The spreading of infectious diseases is one of the most critical health challenges arising from globalization. Globalization creates a substantial concern regarding the epidemiology of infectious diseases because of the ease of movement from one part of the country to another. The changes involved in the interconnectedness have influenced many environmental, biological, and social forces that impact the burden of various infections. The interactions also create the challenge of effective prevention, control, and management of infectious diseases (Cockerham & Cockerham 2014). Globalization might affect the risk factors for an infectious disease. In most cases, infections begin in one country or region and spread through contact between various hosts, such as humans and animals. The effect of globalization in the process occurs because of the ease of movement of hosts from one country or region to another (Poulakou & Plachouras 2016). For example, due to the effective transportation system around the world, an infectious disease beginning in one country can be carried easily to other countries. People are always traveling for various reasons, such as vacations, education, or business. As a result, globalization causes challenges related to spreading and controlling infectious diseases.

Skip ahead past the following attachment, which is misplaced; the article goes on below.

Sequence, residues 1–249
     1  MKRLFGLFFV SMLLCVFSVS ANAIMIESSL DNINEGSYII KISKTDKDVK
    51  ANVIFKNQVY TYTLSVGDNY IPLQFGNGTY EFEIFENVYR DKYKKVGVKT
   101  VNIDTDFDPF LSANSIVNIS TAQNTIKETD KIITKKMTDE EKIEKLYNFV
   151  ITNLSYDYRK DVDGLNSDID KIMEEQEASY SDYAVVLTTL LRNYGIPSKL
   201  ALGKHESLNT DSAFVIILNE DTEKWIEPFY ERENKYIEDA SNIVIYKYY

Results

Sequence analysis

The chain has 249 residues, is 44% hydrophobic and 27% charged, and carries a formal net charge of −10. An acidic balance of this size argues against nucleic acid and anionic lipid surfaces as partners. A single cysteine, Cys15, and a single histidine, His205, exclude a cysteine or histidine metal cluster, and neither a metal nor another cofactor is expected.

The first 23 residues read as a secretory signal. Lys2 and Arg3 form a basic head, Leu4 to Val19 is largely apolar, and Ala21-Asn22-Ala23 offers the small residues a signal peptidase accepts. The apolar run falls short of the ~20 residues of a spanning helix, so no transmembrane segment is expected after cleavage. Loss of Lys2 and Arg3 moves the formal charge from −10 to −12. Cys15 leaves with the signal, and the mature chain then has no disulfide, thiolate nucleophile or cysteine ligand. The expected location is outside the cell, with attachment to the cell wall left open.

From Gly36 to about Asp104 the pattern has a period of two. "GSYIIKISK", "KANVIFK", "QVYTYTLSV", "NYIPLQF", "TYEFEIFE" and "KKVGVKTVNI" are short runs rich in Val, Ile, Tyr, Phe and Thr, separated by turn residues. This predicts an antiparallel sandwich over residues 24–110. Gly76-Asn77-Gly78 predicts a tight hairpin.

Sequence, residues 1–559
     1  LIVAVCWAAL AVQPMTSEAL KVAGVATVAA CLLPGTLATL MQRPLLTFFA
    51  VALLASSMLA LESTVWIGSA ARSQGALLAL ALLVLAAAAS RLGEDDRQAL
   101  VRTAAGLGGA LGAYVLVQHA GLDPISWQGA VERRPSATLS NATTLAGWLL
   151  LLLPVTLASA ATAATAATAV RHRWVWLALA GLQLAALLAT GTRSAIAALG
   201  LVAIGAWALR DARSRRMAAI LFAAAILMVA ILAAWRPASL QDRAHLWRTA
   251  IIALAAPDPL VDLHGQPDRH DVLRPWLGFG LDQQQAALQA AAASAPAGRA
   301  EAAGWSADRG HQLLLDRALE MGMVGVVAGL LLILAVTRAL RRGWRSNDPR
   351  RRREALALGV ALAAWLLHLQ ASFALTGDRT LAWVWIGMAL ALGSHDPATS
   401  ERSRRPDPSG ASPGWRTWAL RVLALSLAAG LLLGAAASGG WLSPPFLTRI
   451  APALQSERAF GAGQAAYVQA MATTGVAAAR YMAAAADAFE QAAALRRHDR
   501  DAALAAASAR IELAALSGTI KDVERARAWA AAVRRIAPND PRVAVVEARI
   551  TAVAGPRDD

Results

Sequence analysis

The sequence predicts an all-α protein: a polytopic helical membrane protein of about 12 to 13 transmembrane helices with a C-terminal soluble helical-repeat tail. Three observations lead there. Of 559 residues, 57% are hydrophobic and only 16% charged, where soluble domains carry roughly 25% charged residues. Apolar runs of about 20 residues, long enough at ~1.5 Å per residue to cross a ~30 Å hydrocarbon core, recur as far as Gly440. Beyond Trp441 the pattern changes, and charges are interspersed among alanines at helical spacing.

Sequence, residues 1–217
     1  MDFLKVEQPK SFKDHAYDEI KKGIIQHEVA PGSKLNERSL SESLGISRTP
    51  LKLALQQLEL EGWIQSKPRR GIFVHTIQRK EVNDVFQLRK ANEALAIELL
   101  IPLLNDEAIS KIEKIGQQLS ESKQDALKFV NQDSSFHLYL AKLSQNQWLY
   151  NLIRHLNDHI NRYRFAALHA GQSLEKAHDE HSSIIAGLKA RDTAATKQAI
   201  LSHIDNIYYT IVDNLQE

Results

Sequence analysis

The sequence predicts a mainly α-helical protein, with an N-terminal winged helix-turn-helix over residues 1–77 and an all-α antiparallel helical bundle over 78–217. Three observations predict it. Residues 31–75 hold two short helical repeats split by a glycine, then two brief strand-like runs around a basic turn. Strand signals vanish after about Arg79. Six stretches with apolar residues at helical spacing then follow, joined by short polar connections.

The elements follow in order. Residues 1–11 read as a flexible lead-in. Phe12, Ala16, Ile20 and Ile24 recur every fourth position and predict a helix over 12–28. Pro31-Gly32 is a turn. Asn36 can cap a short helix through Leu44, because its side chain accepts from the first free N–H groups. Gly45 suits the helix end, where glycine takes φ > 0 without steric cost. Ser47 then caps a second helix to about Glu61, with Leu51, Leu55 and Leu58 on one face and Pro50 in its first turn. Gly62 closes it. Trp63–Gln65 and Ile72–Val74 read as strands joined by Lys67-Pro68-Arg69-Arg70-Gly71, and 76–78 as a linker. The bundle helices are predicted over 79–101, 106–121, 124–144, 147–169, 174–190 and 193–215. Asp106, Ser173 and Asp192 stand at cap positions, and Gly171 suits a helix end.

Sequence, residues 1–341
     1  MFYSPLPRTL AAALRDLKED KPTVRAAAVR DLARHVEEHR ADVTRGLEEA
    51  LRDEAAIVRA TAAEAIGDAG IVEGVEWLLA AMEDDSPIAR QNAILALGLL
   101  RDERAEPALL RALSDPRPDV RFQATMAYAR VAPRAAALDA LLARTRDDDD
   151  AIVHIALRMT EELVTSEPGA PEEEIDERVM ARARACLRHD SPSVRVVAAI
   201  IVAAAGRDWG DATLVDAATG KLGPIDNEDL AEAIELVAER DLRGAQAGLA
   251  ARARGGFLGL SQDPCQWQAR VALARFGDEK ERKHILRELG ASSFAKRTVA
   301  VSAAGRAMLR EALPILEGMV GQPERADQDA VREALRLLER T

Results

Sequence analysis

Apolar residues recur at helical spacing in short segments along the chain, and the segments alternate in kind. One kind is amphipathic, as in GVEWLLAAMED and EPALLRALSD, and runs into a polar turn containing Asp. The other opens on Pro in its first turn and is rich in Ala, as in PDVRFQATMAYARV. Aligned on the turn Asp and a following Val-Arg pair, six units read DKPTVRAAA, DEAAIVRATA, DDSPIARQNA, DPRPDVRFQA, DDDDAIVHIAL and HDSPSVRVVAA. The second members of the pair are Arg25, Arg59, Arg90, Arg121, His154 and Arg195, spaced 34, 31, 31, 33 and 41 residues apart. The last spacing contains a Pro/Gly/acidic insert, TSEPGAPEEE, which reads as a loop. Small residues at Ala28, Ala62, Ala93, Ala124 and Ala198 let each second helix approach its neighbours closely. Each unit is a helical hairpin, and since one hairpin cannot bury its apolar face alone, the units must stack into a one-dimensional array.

Recent examples of infectious diseases can prove the argument that global interconnectedness poses the challenge of a high level of spreading. The World Health Organization (WHO) had to deal with a significant outbreak of an infectious disease in 2014. The global organization declared in 2016 that the Ebola virus disease (EVD) outbreak was among the most devastating. The outbreak occurred in West Africa and spread across the region because of increased social interactions. It was almost three years of serious effort to address the world’s largest Ebola outbreak. The disease claimed the lives of more than 11,000 people. For instance, Liberia, Sierra Leone, and Guinea were the most affected countries. As of 2015, 23,258 Ebola virus disease cases were reported in “Nigeria, Senegal, Guinea, Liberia, Mali, Sierra Leone, Spain, the United Kingdom, and the United States of America, resulting in more than 9,000 deaths” (Folayan et al. 2015, p. 242). Although the coordinated initiatives led to successful efforts to end the epidemic, the global interconnectedness might cause challenges in addressing future outbreaks of such infectious diseases. Without the ease of movement, the disease could affect restricted regions and fail to spread to other countries. Hence, globalization forces allow infected people to move to other countries, risking more people to infection. Globalization presents a new challenge for the management of infectious diseases.